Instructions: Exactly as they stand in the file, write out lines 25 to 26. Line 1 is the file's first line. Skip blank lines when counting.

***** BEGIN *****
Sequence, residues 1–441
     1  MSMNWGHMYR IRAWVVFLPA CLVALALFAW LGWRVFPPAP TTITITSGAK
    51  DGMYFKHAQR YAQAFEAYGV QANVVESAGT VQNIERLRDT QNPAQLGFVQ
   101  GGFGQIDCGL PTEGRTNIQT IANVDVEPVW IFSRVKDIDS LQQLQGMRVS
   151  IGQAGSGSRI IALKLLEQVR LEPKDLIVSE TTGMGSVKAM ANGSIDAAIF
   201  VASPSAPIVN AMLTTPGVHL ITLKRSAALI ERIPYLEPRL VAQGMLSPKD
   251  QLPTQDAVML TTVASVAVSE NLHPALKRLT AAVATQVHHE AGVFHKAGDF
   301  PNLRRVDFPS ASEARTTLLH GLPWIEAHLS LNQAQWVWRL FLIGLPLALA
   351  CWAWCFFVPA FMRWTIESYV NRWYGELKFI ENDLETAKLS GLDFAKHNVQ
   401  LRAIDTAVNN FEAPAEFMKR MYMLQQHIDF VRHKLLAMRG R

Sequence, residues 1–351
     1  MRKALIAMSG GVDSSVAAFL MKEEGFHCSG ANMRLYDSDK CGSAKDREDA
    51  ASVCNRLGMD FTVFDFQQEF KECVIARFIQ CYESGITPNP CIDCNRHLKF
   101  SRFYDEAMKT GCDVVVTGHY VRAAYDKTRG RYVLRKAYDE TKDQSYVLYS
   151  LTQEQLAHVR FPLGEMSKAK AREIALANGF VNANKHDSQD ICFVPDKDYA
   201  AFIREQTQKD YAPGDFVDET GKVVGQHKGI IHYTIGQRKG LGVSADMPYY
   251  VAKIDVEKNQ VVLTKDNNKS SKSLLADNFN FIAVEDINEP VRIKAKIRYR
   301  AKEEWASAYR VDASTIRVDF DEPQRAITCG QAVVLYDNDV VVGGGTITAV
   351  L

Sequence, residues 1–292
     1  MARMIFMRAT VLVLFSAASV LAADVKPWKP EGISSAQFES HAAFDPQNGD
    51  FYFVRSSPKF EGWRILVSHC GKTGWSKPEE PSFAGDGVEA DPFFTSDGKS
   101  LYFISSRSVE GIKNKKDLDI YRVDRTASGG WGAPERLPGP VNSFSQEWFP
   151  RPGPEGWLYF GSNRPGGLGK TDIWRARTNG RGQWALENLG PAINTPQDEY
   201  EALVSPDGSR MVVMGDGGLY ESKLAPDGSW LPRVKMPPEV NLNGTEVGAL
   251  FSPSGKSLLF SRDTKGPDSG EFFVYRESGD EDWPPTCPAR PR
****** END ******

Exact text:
   201  EALVSPDGSR MVVMGDGGLY ESKLAPDGSW LPRVKMPPEV NLNGTEVGAL
   251  FSPSGKSLLF SRDTKGPDSG EFFVYRESGD EDWPPTCPAR PR